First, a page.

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2015 is the seventh season for the Lands’ End “Guaranteed Green” Garden. First planted in 2009, the garden is organic; chemical herbicides or pesticides are not allowed. On average, about 140 pounds of fresh produce is donated annually to food pantries through the Southwestern Wisconsin Community Action Program. (As this is written, 38 pounds of potatoes, onions, broccoli, beans, beets, tomatoes, cucumbers, cabbage, kale & squash were donated yesterday.) In those seven years, 330 plots have been rented to more than 130 gardeners, 25% of whom have participated for 4 or more seasons. On average, 40-50 plots are planted each season, depending on the plot size requested. Plot sizes range from 4'x10' to 16'x24'. There are free tools available for use, and plans are underway to get rain barrels to supply water for the garden.


Our corporate headquarters is located in the Driftless Area of the American Midwest, a unique ecosystem of deep valleys, rolling hills, forests and prairies. For those of us who have the good fortune to live here, it’s a very special place we want to preserve for generations to come. That’s why we’re proud to partner with Driftless Area Land Conservancy to provide nature-themed kids’ backpacks for libraries in southwest Wisconsin.

Each backpack is equipped to help kids investigate a specific aspect of the natural world, such as birds, fossils or ponds. We’ve loaded them with binoculars, butterfly nets, field guides and jars for collecting specimens, and the libraries have added books from their collections geared to kids of all ages. We’re excited about getting kids outdoors to explore nature and helping the next generation become good stewards of the environment.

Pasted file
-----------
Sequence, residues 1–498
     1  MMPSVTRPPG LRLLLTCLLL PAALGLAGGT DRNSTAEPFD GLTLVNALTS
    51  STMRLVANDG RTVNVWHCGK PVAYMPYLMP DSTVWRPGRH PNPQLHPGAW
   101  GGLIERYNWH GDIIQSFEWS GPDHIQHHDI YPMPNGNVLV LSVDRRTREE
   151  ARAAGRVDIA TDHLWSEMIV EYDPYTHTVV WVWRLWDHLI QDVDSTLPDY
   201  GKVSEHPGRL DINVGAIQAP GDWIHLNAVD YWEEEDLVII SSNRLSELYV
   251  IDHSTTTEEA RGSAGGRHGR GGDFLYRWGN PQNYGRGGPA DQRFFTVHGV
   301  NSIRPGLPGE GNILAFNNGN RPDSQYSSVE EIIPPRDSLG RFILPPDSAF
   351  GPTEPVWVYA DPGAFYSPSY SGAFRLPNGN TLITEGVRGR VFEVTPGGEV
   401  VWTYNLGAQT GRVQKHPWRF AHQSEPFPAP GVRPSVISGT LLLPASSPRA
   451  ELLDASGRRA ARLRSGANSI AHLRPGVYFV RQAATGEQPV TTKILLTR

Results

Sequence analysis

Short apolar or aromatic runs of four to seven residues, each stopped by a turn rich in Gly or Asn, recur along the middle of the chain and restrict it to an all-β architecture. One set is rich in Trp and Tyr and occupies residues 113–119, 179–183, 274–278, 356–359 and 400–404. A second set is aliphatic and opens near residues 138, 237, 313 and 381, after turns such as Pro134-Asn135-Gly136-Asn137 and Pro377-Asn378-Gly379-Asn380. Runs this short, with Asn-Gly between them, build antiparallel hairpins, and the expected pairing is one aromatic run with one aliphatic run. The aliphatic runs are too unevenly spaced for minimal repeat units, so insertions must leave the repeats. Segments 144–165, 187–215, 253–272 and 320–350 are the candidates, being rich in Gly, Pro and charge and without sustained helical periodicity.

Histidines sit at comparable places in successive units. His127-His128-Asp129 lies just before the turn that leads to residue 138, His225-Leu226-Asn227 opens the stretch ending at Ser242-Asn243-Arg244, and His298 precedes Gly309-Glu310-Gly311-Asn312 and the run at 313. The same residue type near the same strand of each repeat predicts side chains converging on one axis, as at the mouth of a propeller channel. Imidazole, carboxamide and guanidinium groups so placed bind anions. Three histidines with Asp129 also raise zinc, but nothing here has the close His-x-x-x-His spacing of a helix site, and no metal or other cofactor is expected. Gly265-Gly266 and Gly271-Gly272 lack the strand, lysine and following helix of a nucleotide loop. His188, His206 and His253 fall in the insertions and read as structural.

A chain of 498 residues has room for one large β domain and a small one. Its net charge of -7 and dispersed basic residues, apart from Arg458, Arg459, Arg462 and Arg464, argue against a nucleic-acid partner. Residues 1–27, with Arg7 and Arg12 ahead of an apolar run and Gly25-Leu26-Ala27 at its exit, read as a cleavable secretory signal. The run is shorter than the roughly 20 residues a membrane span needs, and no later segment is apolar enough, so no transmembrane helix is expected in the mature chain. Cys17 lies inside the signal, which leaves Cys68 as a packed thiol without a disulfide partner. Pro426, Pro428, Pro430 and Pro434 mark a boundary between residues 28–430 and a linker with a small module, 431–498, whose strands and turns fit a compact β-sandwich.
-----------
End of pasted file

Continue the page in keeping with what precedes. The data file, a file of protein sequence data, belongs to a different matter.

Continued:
Each summer we look forward to hosting a Thursday Farmer’s Market on campus. Up to 60 vendors, all local artists and farmers, bring their goods and wares, including cheese (after all, this IS Wisconsin), freshly baked bread, honey, delicious baked goods of all sorts, coffee beans, organic meat, fresh cut flowers, fresh fruits and vegetables, homespun alpaca yarn, natural body products, maple syrup, dips/sauces, oils, baking mixes, jams/jellies, and even kettle corn. More often than not, you’ll also find produce grown here in the Lands’ End Guaranteed Green Garden: prairie grass for use in decorating, fresh cut flowers, pumpkins, and gourds, all from our backyard. In addition, we enjoy live music provided by employees – and we’re talking professional quality – throughout the event. Our food services grill out on these days and last time even bought their corn on the cob from a vendor to cook and serve. A good time is – you guessed it – Guaranteed. Period.®


On Earth Day 2015, Lands’ End rolled out a major change to its garbage and recycling collection procedures. After an audit of how we collected and sorted our garbage, we were able to move closer to our Zero Landfill goal by including specific receptacles for different types of recyclables and composting material.









Sustainable Packaging

Lands' End's efforts extend beyond facility and product management to include sustainable packaging. Packaging includes:

  • Poly mailers containing 10% post-consumer recycled materials
  • Corrugated shipping boxes containing an average of 60% recycled fiber

Order Processing

Lands' End is making strides on how products are shipped to customers.

  • From 2003 to 2008, Lands' End reduced the amount of corrugated cardboard packaging that is used by 2%. Additionally, the corrugated cardboard that is used contains 60% recycled fiber. Lands' End is in the process of testing cardboard made from 100% recycled fibers on order processing machines to see if it can be integrated into the system in the near future.

Green E-mail order confirmation

Through the strategic use of technology, Lands' End is working to create more sustainable ways for customers to shop.

  • In 2009, Lands' End launched an improved e-mail order confirmation for orders. It is 25% shorter than the previous version, allowing up to three items purchased to print on a page.



Earth Day